The incomparable Russian Baritone has recently released 2 discs of Russian romances based upon poems of Pushkin.  Composers including Tschaikovsky, Rachmaninoff, Borodin and many others have set these poems to glorious music.  Many of the pieces have also been recently recorded by Anna Netrebko in a glorious Album "In the Still of the Night" with Daniel Barenboim at the keyboard.  While one can not directly compare Hvorostovsky's studio recording with Estonian pianist Ivara Ilja at the keyboard to that of Netrebko's live recording one must say that these discs hold a special place in the repetoire.  Hvorostovsky has often been called the golden baritone and this is well deserved.  The tone is rich, supple and like dark chocolate and honey.  Dmitri has a large voice with impeccable breath control.  Since one can hear many of the same pieces that Netrebko has recorded, comparison's can be made.  As my wife commented, she thought Netrebko's voice was more varied and exciting.  Certainly, Anna has the edge on emotion, but Dmitri has the edge on consistency, breath control and power.  If one compares the pianists, the edge certainly goes to Barenboim for listening to the vocalist and supporting, rather than sounding like a soloist. 

These are wonderful discs that highlight the enormous capabilities and range of this expressive artist.  His operatic repetoire including his Eugene Onegin with Renee Fleming is iconic of one of the highlights of the Metropolitan Opera.  This artist seems unlimited in his styles of recorded material from the humorous to the impassioned more traditional roles.   These discs are truly a joy in now what appears to be a genre of singers singing in their native languages.  Starting from incredible diction to billowing dynamics, Hvorostovsky seems to be at the top of the pack.  Judging from these discs, the listener will look forward to future recordings and new stylistic goals.  Enjoy and treasure these as expressive romances or the equivalent of folk songs or ballades.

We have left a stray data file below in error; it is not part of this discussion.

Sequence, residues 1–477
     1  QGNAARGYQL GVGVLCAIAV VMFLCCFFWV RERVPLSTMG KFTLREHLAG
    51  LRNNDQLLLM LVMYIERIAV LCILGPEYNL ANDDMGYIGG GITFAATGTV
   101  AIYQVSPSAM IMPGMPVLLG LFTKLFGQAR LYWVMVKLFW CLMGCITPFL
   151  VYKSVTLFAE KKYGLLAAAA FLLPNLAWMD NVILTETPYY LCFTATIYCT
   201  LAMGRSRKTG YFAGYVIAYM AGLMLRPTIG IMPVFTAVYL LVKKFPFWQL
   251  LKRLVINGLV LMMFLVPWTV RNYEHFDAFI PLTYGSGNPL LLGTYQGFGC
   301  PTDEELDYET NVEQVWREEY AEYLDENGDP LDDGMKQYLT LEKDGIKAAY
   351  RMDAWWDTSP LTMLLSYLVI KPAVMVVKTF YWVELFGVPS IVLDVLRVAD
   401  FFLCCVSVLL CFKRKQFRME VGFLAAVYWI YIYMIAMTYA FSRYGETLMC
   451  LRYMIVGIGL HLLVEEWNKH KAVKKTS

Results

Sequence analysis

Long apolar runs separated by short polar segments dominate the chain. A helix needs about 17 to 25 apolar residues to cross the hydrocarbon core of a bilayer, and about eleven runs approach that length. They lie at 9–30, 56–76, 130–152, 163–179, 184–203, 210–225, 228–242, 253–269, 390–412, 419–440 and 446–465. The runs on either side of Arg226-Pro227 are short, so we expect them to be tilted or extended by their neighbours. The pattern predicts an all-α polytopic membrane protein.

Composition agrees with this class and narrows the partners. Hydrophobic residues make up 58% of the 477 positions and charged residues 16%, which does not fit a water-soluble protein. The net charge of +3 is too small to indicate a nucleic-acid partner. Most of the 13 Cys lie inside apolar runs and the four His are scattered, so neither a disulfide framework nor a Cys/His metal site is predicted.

Thursday, August 19, 2010

Longwood Symphony Orchestra

Longwood Symphony Orchestra
August 18, 2010
DCR Hatch Memorial Shell
Boston's Esplanade 7:00pm
In the Mood

As everyone knows that Boston is the home to major academic institutions, i.e. Harvard, MIT, Boston University, Boston College, Wellesley College, Tufts and many others.  Likewise it is hotbed of excellence in Medicine and Biotechnology including notables such as Mass General Hospital (MGH), Brigham and Women's, Beth Israel, Deaconness, Dana Farber and companies including Amgen, Pfizer, Novartis, AstraZeneca, Genzyme, Vertex and countless others.  Similarly, it is the seat of world class science, e.g. Whitehead Institute and The Broad, Howard Hughes, etc.  It is therefore not surprising that many of these professionals have banded together to create great music.